But I Said I’m Sorry

I treat emotional wounds like the breadcrumbs you sweep under the refrigerator when no one else is looking. Eventually, though, the fridge has to be moved for cleaning and there’s an even bigger mess to clean up that makes you wonder why you couldn’t have take a few extra moments to sweep up the rest of the crumbs and put them in the trash.

It’s like waiting for a wound to get infected before finally deciding to put a band-aid over it.

Time is supposed to heal all wounds. Time has not healed all my wounds, only lessened the pain, but it hasn’t dulled the memories. Pain is a memory. I might not forgive, I don’t hold a grudge, but I never forget. I don’t forget the feeling of betrayal, I don’t forget a forgotten birthday, and I will never forget the feeling of shock I felt after making plans with a significant other only to discover he had gone out of town without me. So many fights have ended with me crawling into bed crying my eyes out and begging him to tell me he’s sorry for hurting me.

But I never said those words. My mom used to say being sorry meant never doing the same thing over. I think that’s unrealistic. Humans are always going to hurt you. The problem is an unwillingness to admit to hurting. The number of relationships I’ve had has taught me less about love and more about what love is not.

Love is not guarded. I don’t believe love acts foolishly and takes unnecessary risks, either. When we hurt someone and refuse to acknowledge their pain, we risk losing someone forever. Love isn’t careless, and I have handled too many relationships carelessly. Saying sorry doesn’t let the other person know you’ve caused them pain. It’s a way of owning up to your actions. Vulnerability is implicit when loving another person. Love involves a certain kind of defenselessness. It’s opening up wounds to another person to let them know, Hey, you’re not alone.

This kind of thing is usually done in support groups, or between strangers. For some inexplicable reason, it’s somehow easier to pour your heart out to strangers. Maybe this goes to show how much we fear being judged, or losing someone else’s esteem all together. There’s nothing at stake with a stranger. The worst a stranger can do is walk away, and you’ll never see them again.

But you feel better for having told them.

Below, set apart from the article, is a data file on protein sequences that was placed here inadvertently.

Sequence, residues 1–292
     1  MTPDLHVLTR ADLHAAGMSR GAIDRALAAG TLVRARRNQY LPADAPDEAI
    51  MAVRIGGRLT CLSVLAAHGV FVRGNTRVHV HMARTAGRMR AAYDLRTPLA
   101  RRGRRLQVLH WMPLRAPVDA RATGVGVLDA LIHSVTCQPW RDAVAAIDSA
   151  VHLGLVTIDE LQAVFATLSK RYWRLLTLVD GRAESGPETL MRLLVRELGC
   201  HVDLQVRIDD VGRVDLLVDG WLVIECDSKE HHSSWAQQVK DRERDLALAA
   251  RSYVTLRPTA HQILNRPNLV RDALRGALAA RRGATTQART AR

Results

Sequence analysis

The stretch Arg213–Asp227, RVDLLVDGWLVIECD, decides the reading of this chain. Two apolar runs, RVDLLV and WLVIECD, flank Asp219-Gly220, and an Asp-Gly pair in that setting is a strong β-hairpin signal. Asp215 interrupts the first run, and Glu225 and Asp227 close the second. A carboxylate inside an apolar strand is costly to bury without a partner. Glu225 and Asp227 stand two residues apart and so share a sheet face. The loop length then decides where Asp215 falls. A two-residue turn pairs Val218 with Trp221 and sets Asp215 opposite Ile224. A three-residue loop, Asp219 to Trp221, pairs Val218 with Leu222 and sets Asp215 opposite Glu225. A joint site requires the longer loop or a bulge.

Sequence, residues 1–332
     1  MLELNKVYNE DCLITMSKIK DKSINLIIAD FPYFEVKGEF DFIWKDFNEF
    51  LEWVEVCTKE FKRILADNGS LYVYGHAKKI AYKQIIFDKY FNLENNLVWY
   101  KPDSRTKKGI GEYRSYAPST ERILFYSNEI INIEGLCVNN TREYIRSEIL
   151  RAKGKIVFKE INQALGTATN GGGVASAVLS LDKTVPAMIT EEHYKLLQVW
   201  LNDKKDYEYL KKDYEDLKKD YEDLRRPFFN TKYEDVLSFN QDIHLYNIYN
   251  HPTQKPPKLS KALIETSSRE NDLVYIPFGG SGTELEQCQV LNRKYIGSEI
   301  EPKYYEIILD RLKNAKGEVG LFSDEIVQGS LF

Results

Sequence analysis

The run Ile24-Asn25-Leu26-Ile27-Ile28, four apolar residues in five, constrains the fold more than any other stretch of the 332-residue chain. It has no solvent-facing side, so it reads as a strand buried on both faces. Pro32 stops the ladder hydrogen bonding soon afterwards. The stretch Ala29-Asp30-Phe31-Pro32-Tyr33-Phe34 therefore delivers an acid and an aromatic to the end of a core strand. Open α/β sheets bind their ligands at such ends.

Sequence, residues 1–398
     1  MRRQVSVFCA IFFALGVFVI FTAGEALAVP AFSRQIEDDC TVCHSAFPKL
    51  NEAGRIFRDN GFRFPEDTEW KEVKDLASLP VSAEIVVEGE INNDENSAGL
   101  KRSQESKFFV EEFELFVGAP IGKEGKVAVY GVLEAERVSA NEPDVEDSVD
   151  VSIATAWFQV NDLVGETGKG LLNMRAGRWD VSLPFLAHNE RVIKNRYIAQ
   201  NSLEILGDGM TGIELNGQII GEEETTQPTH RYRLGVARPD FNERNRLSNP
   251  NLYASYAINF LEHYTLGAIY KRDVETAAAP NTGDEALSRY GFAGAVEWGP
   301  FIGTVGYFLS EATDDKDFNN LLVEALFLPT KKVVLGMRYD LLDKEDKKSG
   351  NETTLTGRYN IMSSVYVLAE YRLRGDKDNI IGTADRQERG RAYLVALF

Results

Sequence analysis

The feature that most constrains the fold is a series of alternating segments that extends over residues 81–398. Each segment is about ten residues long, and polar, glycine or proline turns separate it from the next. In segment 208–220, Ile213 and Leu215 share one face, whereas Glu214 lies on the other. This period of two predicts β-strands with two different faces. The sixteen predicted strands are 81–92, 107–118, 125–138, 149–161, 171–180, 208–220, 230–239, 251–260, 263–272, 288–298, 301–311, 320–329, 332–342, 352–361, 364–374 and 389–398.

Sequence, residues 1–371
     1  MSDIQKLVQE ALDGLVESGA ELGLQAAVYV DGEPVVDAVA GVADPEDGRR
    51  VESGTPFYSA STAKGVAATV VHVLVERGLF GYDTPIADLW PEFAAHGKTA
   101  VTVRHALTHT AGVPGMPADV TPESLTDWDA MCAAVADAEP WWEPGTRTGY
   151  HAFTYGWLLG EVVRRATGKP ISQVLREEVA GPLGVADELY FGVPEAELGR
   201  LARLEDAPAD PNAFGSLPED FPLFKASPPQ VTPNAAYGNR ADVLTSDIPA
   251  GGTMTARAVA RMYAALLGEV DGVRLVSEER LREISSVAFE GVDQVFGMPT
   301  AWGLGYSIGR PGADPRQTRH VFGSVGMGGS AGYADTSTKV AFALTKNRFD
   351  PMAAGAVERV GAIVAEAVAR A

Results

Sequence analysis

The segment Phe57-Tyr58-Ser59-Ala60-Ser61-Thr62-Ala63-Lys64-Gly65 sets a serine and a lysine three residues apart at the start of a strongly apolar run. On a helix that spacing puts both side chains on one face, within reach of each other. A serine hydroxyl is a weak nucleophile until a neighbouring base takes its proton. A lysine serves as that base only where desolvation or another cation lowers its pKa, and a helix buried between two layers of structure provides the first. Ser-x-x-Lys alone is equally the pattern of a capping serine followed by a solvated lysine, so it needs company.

Hurt hides in the deepest places. When someone says you’ve hurt them, they take the defensive. The opposite is letting down the walls long enough and becoming defenseless in front of them. There’s no guarantee the other person will care. My own experience has taught me that the other person has rarely, if ever, cared. It’s no wonder none of them have worked out. For me, it’s not really about how I think I deserve to be treated. It’s about how I can keep living with myself at the end of the day.

I’m the last person who wants to look back and see myself as broken. I don’t feel empowered by the number of times I’ve had to leave a relationship and start my life over again. I feel drained, used, and washed out. I fall into hopelessness. I get angry about how much time I’ve invested in doomed relationships. There’s nothing about any of them that makes me want them back, but there’s a part of me that mourns my old self, that wishes I would have cherished the innocence of never having been hurt in the first place. Nothing short of a miracle or a lobotomy would have changed the outcome. I don’t wonder if one thing would have been different, would it all be different. The truth I’ve had to accept is that most people, myself included, can’t or won’t be defenseless around the people they love the most out of fear of losing them or a part of ourselves forever.

There is not much about a person’s real self that makes them lovable. I’m not talking about flaws or shortcomings. I’m talking about the unchangeable aspects of a person’s soul, their scars and their stories, the things we will always remember them by. It’s one thing to know someone is proud or arrogant, and it’s another to understand where the arrogance comes from, and whether or not we think it’s justified. Love is incredibly evaluative.